As part of a newly-launched partnership between Clubforce and STATSports, the world’s leading provider of GPS trackers for sport, Connor Clancy from STATSports explores five ways that GPS technology can help increase performance in GAA club teams.
Performance Technology For The GAA
The rise of GPS technology in elite sport over the last decade has been enormous. Reflecting on the last 10 years and more, in an era when only the world’s sporting giants pioneered the use of GPS, to the present day where there is not a single team in the top 4 tiers of English football not using some form of athlete monitoring system. In Ireland, a similar pattern has started to emerge with many sports, including GAA, starting to embrace GPS technology as the awareness and understanding around the sight of a GPS unit in the back of the county jersey has grown. This rapid growth in the use of player tracking technology from the top down in the GAA looks set to continue as products are developed with club teams and players in mind. No longer is GPS an unattainable concept but a real and tangible tool which can be used to drive competition, performance and overall development of amateur players and coaches alike.
For example, our STATSports Apex Coach Series was developed with amateur teams in mind to mesh some of our own metrics and features with an easy-to-use, clear and concise app. This type of technology gives coaches instantaneous feedback without any time-consuming downloading or analysis steps. The technology itself is built with our tried and trusted Athlete Series units as its backbone, with sessions being automatically synced back to a master Coach Series app.
- Highly detailed measure of performance
As the roles of fitness and S&C coaches have evolved in club GAA so has the dreaded battery of testing that looms large after the winter break, and often mid-season, to track the progression of the squad over time. Clubs renting speed gates and spending time setting up courses for 6-minute runs or 1km time trials is a common theme. A player simply wearing a GPS unit during a testing session will save a lot of time and effort for coaches and avoid the frantic scribbling down of times for each player on the clipboard.
The first and most obvious thing a coach can see post-session (without any analysis or tinkering with spreadsheets) is each player’s maximum speed. This output might be attained from a standardised 40m sprint or in a more game-specific training drill designed to elicit top-end speeds. Both will provide an objective marker of a player’s speed profile in relation to their peak velocity. This speed can then be retested using the same method to check for any fluctuations over time. A coach can also look at distances covered in the session on their interactive app to get a more accurate look at each player’s performance in the aerobic tests compared to the average.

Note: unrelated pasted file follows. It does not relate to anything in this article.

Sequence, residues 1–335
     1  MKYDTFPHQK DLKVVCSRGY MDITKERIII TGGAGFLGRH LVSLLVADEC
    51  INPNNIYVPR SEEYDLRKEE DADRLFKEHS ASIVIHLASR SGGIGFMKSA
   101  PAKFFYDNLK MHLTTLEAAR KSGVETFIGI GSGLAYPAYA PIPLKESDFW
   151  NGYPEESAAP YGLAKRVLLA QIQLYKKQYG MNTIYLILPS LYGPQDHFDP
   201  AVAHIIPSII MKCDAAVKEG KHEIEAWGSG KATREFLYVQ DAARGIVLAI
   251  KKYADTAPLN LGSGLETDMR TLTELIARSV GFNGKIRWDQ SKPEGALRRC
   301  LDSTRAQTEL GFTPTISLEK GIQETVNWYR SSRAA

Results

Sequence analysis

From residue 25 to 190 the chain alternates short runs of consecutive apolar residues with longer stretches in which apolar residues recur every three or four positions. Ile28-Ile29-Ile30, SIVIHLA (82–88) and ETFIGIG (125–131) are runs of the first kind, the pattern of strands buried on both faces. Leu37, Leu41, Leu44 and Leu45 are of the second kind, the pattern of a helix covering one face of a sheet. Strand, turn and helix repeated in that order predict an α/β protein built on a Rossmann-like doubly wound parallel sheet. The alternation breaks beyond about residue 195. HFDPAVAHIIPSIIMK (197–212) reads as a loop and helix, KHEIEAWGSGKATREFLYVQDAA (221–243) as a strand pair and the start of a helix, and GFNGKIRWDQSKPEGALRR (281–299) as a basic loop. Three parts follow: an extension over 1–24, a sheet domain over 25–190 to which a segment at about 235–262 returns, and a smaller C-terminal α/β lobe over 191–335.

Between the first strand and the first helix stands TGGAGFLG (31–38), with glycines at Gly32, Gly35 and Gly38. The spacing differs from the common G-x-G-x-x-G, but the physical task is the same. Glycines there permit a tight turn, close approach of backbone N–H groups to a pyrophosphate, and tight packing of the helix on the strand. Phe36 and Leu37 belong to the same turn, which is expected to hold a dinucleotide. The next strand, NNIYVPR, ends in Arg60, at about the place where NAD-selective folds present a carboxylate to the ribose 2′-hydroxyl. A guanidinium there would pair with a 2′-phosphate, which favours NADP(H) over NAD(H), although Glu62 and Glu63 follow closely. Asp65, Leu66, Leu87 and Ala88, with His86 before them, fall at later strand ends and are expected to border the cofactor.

- Session planning
In the GAA world, we have all seen poorly laid out spreadsheets and group messages from coaches and managers outlining the loose plan for the next few weeks as well as the inevitable last-minute alterations. With a GPS coach’s app, members of management have the opportunity to add as many squad sessions and games to a custom-built calendar as they like throughout the pre-season, league and championship phases.
This is in addition to adding in any sessions prescribed to individuals or smaller groups to be completed away from the group setting (highly applicable during the off-season phase). The calendar also gives you the ability as a coach to add notes to sessions and games as well as logging the opposition, venue, score etc. for games throughout the season. This logging feature is of significance as it gives coaches the opportunity to look back on previous results against certain opposition teams or on certain pitches to give a snapshot of the physical output associated with those particular conditions when planning for similar games.
With many sessions being carried out individually rather than collectively, the system allows coaches to schedule sessions and send push notifications for players to complete said sessions. After completing a session, each player’s data is automatically uploaded to the ACS application for analysis. The coach will then be prompted on how many members of the squad have not downloaded/synced a session. This has really improved player buy-in across the board and has allowed coaches to confidently set sessions and progress workload accordingly.